Beginning in 2009, animation entered a new crisis as Goskino indefinitely postponed funding for all projects, and for the 2010 budget the state cut animation funding by half. The animation community reacted by appealing to the President and the public. [8] [9] In 2010, many of the major studios, including Pilot, were either closed or on the verge of shutting down. The vast majority of studios had relied on state support to some extent, and Goskino did not fulfill any of their contractual obligations to pay for the films that they had ordered and which the studios had already produced.[10] In addition, Disney has been accused of using anti-competitive practices to sideline domestic Russian competition on TV channels.[11]

The Centre of National Film CG animated film Space Dogs, released on March 18, 2010 and about the Soviet space dogs Strelka and Belka, received an English release on June 8, 2012 and spawned a broader franchise. Wizart Animation, alongside InlayFilm, also produced a new CG film version of The Snow Queen (2012), spawning a new franchise with sequels Snow Queen 2: The Snow King (2014) and the upcoming The Snow Queen 3: Fire and Ice (2016), alongside their first fully original concept Sheep and Wolves (2015). Although these films have ultimately been successful in Russia, their quality of motion has been questioned in the West upon home release and limited theatrical run.[6]

Animaccord Animation Studio has had success in CG television animation with its children's series Masha and the Bear (2009–present), whose emphasis on pantomime has helped it export outside of the country, premièring on the US version of Netflix in August 2015.[7] Another long running, educational, children's series by Melnitsa Animation Studio called Luntik has aired since September 1, 2006. An earlier success in this market was Kikoriki which aired from May 7, 2004 until 2012, produced by Petersburg Animation Studio with assistance from the Ministry of Culture of the Russian Federation . English-language distribution rights to the series were acquired by 4Kids Entertainment from worldwide distributor Fun Game Media, Munich[8] and began airing as part of The CW4Kids block on The CW on September 13, 2008, under the name GoGoRiki.[9] In 2011 a prequel feature film was released entitled Kikoriki. Team Invincible and further films are planned. A connecting factor in many recent Russian animated efforts is Timur Bekmambetov, whose company Bazelevs has helped produce, finance and promote Kikoriki and The Snow Queen.[10]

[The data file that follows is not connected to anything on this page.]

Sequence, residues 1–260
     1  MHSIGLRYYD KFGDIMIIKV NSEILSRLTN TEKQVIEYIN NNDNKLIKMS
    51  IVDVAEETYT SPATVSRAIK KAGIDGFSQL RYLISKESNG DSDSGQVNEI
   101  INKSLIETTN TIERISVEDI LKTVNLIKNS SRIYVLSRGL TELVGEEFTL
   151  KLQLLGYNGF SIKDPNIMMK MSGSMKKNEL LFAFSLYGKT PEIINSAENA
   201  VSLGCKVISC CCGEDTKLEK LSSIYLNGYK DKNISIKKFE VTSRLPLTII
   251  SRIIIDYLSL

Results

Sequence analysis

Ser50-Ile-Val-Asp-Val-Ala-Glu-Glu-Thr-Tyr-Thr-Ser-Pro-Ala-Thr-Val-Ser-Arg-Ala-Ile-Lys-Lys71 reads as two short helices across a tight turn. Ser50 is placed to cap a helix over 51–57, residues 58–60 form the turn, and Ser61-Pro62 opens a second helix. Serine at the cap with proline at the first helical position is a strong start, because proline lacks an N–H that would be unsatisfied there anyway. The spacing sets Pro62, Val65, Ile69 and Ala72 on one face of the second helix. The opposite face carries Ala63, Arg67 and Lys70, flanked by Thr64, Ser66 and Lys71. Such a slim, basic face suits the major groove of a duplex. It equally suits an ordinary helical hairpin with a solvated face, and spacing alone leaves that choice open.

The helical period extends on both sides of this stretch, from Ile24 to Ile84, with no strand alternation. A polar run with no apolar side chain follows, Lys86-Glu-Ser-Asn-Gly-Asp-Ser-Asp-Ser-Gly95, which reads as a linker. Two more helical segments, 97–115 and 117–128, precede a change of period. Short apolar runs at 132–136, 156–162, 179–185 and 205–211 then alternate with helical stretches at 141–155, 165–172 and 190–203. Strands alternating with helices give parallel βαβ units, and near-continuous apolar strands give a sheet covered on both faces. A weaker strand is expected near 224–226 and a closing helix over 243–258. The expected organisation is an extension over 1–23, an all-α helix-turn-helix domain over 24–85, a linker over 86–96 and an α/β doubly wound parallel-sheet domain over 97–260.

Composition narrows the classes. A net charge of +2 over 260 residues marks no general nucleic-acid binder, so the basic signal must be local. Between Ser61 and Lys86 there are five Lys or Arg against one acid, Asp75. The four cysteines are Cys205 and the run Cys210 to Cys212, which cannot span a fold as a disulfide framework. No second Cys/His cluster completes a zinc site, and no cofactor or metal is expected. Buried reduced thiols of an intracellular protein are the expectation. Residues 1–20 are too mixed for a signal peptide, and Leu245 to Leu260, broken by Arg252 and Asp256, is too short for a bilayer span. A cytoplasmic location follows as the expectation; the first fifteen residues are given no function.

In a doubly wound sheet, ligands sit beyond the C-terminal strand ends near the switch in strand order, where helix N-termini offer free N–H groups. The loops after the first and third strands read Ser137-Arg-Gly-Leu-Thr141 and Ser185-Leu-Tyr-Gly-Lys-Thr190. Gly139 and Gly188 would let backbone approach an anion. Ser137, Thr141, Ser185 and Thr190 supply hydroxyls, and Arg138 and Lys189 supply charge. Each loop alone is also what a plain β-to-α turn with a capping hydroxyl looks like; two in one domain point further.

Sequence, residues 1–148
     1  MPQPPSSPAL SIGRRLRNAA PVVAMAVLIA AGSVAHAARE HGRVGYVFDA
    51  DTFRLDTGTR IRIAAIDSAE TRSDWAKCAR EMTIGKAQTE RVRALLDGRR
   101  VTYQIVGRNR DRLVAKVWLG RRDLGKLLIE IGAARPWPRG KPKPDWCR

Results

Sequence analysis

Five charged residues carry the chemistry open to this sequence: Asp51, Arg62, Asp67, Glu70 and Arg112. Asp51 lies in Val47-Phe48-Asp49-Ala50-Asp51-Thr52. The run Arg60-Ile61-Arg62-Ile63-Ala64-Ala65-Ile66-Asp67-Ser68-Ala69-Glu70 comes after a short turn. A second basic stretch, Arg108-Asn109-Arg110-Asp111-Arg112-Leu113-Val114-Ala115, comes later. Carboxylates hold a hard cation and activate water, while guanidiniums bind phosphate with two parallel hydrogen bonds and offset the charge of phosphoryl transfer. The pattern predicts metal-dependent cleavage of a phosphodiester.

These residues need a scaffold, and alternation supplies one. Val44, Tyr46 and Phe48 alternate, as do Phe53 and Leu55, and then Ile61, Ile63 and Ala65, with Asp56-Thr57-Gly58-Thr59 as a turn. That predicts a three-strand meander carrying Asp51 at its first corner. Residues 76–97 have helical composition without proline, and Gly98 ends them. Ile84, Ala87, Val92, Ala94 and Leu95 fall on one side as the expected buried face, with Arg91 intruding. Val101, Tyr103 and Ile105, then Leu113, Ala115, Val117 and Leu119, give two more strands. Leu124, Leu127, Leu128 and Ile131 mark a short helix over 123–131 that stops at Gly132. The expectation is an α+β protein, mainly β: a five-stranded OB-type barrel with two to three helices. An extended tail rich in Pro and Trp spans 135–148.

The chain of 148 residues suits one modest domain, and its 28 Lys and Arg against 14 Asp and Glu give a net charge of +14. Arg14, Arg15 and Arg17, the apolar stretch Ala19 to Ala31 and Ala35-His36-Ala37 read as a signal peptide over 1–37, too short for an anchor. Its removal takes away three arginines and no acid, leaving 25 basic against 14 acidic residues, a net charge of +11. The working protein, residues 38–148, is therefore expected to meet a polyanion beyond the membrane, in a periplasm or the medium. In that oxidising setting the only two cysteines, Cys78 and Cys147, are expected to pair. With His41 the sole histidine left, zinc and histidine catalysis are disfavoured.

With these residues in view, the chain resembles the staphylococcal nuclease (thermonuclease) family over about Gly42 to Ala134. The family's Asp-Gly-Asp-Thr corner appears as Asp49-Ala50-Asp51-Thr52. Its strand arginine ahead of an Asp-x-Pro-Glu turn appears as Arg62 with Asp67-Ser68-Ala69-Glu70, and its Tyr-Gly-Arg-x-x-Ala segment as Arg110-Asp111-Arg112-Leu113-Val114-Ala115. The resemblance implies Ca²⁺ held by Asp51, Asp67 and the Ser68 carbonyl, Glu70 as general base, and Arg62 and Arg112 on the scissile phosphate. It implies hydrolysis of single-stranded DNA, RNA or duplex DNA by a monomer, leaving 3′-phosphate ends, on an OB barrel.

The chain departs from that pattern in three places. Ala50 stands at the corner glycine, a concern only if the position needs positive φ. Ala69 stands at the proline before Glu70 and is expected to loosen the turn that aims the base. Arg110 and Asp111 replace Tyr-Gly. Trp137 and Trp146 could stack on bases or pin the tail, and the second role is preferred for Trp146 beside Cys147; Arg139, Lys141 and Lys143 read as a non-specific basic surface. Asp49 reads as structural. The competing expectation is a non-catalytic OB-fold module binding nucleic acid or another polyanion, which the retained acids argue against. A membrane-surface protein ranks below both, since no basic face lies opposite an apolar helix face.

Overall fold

In popular culture[edit]

  • An episode of The Simpsons called "Krusty Gets Kancelled" features a parody of the Communist Bloc animation, a cat and mouse duo known as Worker and Parasite.[citation needed]
  • In 2004 the Israeli couple Yonathan and Masha Zur, has released a documentary film about Russian Animation in Soviet Times, called Magia Russica.

Popular Animation Studios[edit]

See also[edit]

References[edit]

  1. ^ Kisselgoff, Anna. Critic's Notebook; Pioneering Russian Films Show Ballet Master's Wit. New York Times. January 14, 2005. Accessed on: June 23, 2009.
  2. ^ Lord, Peter. The start of stop-frame. The Guardian. November 14, 2008. Accessed on: June 23, 2009.
  3. ^ SMARTNEWS Keeping you current Russia Has Its Own Classic Version of an Animated Winnie-the-Pooh
  4. ^ The Morevna Project: Anime with Synfig and Blender
  5. ^ "4°C's First Squad Wins Award at Moscow Int'l Fim Fest". Anime News Network. 2009-06-30. Retrieved 2009-10-11. 
  6. ^ ‘The Snow Queen’ review: Don’t drink that potion; you’ll fart incessantly (Video) in Examiner.com
  7. ^ http://kidscreen.com/2015/06/03/netflix-picks-up-seven-new-kids-series/
  8. ^ "GoGoRiki confirmed for fall 2008". Retrieved 2008-08-11. [dead link]
  9. ^ "4Kids announces fall 2008 Lineups for Fox and The CW". Retrieved 2008-09-05. [dead link]
  10. ^ Check Out a Trailer for The Snow Queen, ComingSoon.Net (article by Silas Lesnick), October 28, 2012
  • Bendazzi, Giannalberto. 1994. Cartoons. One Hundred Years of Cinema Animation. London/Bloomington: John Libbey/Indiana University Press.
  • Giesen, Rolf. 2003. Lexikon des Trick- und Animationsfilms. Berlin: Schwarzkopf & Schwarzkopf.
  • Leslie, Ester. 2002. Hollywood Flatlands. Animation, Critical Theory and the Avant-Garde. London, New York: Verso.
  • Pilling, Jayne (Ed.). 1997. A Reader in Animation Studies. London et al.: John Libbey.
  • Асенин, Сергей Владимирович. 1986. Мир мультфильма. Москва: Искусство.
  • Венжер, Наталья Яковлевна (Ed.). 1990. Сотворение фильма. Несколько интервью по служебным вопросам. Москва: Союз Кинематографистов СССР.
  • Иванов-Вано, Иван Петрович. 1978. Кадр за кадром, Москва: Искусство.
  • Орлов, Алексей Михайлович. 1995. Аниматограф и его анима: психогенные аспекты экранных технологий. Москва: Импето.

External links[edit]

News articles[edit]